E-gates installed at the terminal will identify the passenger of a particular trip a day before boarding so that suspicious passengers can be tracked before entering or leaving the country.

In 2012, TransCore was awarded a contract to design and install RFID-based parking and vehicle terminal access control system at the airport.

Phases two and three at Qatar's only international airport

The second phase of construction will include the addition of a further 16 contact gates and an extension of the terminal building to 416,000m².

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In addition, there will be a suspended monorail system for passenger transit through the terminal.

A further luxury hotel will be constructed to accommodate the additional passenger capacity of more than 25 million a year passing through the airport. The third phase will include the addition of a further 40 contact gates, which would bring the final total to 80.

To accommodate the extra gates, the terminal building will extend to 416,000m² and would be capable of handling more than 50 million passengers a year, 320,000 aircraft movements and two million tons of cargo.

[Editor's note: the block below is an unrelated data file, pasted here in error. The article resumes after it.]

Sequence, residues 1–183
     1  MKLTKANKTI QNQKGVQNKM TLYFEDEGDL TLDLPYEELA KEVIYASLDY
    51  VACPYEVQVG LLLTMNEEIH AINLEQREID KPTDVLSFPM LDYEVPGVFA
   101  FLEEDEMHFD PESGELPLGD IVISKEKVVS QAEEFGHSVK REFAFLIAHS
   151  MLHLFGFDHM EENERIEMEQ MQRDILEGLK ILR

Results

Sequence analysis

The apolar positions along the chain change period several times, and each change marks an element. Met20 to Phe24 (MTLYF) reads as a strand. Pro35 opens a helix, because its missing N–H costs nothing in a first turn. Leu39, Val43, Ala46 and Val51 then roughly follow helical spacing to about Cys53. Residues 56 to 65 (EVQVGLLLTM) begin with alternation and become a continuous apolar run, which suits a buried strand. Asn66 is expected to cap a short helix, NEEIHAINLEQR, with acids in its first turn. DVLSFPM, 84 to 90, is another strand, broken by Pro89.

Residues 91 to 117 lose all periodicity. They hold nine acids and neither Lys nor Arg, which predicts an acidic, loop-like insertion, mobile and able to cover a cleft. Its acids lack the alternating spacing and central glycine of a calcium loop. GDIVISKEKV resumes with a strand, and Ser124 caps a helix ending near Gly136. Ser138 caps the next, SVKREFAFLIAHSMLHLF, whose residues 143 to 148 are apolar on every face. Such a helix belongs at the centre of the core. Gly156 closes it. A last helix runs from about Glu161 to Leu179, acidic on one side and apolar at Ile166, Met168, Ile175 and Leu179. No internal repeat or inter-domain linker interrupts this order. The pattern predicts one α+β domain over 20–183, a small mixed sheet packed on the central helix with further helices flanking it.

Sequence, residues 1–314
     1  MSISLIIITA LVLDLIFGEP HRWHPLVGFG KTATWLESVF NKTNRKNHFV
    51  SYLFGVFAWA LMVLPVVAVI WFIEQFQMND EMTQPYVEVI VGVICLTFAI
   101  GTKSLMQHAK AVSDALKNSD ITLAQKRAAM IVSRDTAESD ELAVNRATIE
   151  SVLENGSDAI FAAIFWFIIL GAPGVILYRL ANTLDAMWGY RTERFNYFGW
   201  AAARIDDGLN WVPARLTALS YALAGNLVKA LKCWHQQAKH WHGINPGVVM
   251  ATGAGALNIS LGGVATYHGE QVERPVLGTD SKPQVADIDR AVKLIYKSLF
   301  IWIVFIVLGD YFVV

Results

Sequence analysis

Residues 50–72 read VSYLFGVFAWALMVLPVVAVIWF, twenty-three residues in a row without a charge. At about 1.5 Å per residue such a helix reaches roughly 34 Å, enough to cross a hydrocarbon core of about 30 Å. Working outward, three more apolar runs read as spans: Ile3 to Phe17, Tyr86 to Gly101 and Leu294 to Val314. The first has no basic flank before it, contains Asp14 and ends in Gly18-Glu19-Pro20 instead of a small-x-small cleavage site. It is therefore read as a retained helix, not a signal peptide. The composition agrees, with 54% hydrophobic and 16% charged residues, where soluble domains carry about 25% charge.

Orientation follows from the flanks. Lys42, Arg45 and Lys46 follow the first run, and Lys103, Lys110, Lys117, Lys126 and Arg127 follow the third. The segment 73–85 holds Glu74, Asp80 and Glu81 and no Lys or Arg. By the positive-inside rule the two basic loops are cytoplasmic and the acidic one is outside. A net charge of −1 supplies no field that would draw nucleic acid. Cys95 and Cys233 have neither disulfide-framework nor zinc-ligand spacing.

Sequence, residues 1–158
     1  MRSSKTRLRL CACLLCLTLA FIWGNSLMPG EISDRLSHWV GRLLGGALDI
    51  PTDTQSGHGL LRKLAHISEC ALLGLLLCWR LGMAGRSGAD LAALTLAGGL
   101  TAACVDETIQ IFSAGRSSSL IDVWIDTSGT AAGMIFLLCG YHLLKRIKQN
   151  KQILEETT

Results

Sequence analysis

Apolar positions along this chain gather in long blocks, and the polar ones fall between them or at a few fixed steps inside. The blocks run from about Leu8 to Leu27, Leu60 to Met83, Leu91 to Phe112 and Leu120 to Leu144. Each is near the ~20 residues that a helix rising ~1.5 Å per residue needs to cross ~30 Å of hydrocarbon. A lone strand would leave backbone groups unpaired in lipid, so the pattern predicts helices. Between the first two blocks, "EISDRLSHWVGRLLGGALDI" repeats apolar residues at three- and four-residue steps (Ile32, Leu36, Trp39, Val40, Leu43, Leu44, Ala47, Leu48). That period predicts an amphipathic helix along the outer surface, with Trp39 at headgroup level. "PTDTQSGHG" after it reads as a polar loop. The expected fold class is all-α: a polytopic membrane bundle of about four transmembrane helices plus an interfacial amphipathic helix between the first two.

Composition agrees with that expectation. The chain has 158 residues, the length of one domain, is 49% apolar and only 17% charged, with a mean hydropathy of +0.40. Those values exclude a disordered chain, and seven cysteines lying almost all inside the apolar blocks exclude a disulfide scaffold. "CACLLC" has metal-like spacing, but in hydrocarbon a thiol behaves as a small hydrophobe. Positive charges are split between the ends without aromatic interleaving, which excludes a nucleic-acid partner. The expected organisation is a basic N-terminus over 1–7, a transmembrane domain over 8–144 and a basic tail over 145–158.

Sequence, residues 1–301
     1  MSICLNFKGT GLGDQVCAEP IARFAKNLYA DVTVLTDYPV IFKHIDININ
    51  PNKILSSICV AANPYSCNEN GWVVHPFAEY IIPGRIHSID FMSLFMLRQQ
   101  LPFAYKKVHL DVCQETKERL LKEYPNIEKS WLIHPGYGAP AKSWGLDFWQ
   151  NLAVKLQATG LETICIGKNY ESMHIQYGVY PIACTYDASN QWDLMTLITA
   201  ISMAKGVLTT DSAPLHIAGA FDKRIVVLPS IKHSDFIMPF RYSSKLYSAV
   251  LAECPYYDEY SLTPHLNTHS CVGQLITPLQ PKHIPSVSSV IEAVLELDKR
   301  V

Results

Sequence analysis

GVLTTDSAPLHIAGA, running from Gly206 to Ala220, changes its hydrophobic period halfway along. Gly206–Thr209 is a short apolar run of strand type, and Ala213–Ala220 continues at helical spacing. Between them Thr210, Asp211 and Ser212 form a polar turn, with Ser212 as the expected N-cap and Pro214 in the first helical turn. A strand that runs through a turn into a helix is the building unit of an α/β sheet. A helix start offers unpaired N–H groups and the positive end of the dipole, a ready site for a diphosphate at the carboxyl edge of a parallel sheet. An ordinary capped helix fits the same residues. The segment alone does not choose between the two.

The projected date for final completion is 2015. When fully completed the new Doha airport will be able to service six A380-800 superjumbos simultaneously.

The airport will be the first in the world purpose-built to accommodate these aircraft.

New Doha Airport terminal building with the airport mosque and surrounding parking area.
The Emiri terminal at New Doha Airport for use by the royal family and VIPs.
The terminal building at New Doha Airport with its access road and wave roof.
New Doha Airport's triangular section ATC tower.
Map of Qatar, showing where Doha is situated.
A Qatar Airways Airbus A380-800.
An Airbus A340-500, which will be a common sight at the airport.
An A380-800 before delivery as part of the initial fleet to be delivered to Qatar Airways.
An A380-800 superjumbo on the ground on a hard standing.